Given the type of product this is, it's appropriate that Ninja's OP100UK handled the pressure no matter what we cooked in it. Risotto was no problem, beef stew was child's play and fresh veg was effortless. All absolutely delectable. Read our .
The Find X3 Lite is the kind of phone with the kind of features you'd expect to pay more for. It's a cutting edge device that can make the most of lightning-fast 5G network speeds. The Oppo lasts ages on a single charge and the 32 hours of juice is even better considering the dazzling screen. 5G phones this good, at this price, don't come around often. Read our .
Triple A describes the battery size, but could just as easily mean the quality of these power-packed lithium wonders. They will keep even a demanding device such as a baby monitor going for three and a half hours before they need charging again. Plus, they're good for 1,500 charges. That's a lot of disposable batteries you don't need to buy. Read our .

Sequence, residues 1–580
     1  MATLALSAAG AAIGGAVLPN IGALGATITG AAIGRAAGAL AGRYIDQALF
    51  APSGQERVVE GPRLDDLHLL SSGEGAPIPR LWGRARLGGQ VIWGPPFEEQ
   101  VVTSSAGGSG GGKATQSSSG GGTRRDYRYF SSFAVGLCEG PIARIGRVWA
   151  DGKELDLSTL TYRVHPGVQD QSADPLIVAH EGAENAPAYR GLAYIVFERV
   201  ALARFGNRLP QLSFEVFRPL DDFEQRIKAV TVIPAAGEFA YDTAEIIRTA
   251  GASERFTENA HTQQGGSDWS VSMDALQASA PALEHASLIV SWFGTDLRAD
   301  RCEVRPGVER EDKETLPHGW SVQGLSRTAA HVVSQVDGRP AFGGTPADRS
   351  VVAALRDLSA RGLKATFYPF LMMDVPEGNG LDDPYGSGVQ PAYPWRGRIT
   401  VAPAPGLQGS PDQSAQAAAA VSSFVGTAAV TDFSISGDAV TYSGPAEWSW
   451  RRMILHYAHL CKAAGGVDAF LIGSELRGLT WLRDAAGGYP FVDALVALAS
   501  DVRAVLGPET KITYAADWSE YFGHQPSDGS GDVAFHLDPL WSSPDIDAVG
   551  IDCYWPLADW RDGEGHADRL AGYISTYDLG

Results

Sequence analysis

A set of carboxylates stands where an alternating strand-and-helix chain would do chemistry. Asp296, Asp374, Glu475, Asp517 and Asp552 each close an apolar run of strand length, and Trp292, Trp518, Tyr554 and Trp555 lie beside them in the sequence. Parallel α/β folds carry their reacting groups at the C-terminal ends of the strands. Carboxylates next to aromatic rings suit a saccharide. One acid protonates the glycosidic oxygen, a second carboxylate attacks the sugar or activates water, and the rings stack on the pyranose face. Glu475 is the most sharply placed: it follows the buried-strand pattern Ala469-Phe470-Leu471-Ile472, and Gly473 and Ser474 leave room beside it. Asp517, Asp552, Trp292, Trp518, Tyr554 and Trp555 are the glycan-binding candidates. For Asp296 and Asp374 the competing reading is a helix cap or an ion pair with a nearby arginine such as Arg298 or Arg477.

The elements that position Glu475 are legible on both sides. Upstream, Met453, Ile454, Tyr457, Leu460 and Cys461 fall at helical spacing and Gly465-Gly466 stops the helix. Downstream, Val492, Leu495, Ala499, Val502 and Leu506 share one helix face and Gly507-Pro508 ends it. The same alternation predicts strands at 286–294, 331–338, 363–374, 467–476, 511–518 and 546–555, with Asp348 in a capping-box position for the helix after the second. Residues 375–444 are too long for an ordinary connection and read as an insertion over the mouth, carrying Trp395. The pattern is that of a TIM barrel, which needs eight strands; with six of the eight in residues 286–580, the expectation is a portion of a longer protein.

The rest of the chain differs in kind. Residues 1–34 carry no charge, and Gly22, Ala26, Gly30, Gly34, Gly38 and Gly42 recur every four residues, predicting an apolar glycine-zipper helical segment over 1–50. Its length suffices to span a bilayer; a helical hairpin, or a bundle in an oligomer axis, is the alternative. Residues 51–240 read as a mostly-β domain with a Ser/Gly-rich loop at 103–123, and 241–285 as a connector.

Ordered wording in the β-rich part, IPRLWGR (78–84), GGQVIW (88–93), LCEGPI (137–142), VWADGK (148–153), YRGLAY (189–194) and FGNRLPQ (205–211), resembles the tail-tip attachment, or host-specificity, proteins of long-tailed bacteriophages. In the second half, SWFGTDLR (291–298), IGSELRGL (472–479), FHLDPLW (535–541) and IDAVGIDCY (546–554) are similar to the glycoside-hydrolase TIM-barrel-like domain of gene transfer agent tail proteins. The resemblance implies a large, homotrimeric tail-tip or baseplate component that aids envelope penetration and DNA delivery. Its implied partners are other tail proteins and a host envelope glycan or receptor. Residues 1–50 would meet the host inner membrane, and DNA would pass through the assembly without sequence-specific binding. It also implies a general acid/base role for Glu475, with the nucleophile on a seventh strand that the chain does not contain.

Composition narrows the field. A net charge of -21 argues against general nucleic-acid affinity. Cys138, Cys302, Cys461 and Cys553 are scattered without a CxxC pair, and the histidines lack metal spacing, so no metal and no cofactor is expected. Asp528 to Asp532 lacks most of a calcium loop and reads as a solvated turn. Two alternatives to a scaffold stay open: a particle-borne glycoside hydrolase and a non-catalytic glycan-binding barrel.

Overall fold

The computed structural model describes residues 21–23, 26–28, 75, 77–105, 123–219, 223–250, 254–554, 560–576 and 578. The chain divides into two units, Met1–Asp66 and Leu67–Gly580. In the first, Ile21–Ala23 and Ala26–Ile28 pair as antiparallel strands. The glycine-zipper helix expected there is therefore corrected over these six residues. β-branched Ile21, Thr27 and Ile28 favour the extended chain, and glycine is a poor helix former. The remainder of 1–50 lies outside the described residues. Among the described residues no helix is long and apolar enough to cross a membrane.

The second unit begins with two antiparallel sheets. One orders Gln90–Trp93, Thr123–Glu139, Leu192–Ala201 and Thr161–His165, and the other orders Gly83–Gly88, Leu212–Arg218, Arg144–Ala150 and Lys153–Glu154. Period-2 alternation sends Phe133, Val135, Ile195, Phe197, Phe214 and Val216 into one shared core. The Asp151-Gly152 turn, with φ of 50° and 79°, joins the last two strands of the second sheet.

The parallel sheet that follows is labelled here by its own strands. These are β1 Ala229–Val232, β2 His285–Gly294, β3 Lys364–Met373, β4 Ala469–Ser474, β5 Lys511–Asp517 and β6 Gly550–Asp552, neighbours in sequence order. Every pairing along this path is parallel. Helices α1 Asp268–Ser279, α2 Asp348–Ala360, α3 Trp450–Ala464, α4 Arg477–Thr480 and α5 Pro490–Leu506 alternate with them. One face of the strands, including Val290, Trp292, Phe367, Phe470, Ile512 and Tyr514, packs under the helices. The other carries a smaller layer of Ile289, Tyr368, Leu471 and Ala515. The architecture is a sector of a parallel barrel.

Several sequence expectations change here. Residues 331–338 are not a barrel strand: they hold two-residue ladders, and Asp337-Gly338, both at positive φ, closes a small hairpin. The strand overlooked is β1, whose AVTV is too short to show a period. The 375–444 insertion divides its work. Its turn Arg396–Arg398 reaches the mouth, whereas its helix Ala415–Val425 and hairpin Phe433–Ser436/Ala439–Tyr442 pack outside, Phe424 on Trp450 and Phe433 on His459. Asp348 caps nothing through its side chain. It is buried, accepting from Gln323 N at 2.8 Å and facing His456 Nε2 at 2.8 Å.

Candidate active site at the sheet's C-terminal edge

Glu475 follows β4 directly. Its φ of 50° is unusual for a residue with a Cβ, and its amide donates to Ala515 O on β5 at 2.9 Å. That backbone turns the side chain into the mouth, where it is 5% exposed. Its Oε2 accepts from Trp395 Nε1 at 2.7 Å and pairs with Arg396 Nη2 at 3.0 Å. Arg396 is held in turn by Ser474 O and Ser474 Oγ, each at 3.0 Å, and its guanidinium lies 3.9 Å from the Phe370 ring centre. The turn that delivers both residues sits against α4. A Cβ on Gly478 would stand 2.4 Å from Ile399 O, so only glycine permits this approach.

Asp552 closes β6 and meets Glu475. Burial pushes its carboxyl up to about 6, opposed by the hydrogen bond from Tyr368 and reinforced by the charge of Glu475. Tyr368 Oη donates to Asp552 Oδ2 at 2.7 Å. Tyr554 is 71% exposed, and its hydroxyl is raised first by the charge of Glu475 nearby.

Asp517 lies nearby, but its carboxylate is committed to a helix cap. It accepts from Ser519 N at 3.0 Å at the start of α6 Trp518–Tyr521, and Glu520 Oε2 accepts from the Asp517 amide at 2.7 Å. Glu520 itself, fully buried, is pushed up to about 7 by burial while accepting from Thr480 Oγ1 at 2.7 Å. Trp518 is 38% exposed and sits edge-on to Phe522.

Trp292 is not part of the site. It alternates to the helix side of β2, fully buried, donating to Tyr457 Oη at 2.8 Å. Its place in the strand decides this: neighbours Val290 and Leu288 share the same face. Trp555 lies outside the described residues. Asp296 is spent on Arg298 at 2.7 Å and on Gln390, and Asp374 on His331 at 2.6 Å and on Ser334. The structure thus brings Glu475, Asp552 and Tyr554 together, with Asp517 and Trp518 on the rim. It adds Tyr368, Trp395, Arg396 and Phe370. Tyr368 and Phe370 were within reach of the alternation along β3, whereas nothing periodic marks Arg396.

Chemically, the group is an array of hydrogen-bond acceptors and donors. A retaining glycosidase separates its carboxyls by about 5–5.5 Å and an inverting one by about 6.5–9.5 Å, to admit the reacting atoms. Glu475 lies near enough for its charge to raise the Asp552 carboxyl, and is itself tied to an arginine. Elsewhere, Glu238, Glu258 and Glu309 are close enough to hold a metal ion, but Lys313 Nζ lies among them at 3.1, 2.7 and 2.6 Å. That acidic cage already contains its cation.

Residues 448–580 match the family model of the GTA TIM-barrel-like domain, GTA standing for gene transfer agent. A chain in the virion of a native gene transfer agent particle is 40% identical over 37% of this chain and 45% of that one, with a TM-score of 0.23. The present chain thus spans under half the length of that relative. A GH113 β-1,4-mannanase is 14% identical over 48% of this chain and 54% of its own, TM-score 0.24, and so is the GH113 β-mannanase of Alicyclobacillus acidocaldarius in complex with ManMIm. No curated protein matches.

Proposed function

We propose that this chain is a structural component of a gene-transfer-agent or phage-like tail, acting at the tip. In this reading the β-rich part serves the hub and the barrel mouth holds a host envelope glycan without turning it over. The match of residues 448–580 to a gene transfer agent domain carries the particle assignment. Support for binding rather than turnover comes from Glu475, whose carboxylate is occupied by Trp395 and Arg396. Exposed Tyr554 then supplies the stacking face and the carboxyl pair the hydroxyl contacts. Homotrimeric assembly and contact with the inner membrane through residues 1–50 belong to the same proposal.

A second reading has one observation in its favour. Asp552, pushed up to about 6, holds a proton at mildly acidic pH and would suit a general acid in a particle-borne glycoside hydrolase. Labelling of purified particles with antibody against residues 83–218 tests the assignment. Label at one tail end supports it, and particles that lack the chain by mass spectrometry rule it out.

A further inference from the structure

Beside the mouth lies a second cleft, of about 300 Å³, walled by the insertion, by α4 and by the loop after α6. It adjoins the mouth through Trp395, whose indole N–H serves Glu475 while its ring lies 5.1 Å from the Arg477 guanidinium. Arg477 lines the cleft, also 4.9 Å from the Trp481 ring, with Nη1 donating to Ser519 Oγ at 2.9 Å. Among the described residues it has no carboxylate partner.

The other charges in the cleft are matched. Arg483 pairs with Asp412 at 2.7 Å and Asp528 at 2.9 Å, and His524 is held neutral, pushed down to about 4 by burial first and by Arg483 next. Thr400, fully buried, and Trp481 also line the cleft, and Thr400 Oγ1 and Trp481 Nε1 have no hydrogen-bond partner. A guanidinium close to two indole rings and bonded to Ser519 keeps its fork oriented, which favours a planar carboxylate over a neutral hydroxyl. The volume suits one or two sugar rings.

Steam powered the industrial revolution. Its use here is more humble, but in the SC2, it can make your floors sparkle. Fresh spills are no match for this accomplished cleaner and it's easy to fill the removable tank. Read our .
Nothing ruins a day like a bad night's sleep. The right mattress is key to transforming a night of tossing and turning into deep, restful slumber. The Emma Smart Hybrid is durable and has superb back support whether you curl up in a ball or sleep like a starfish. Read our .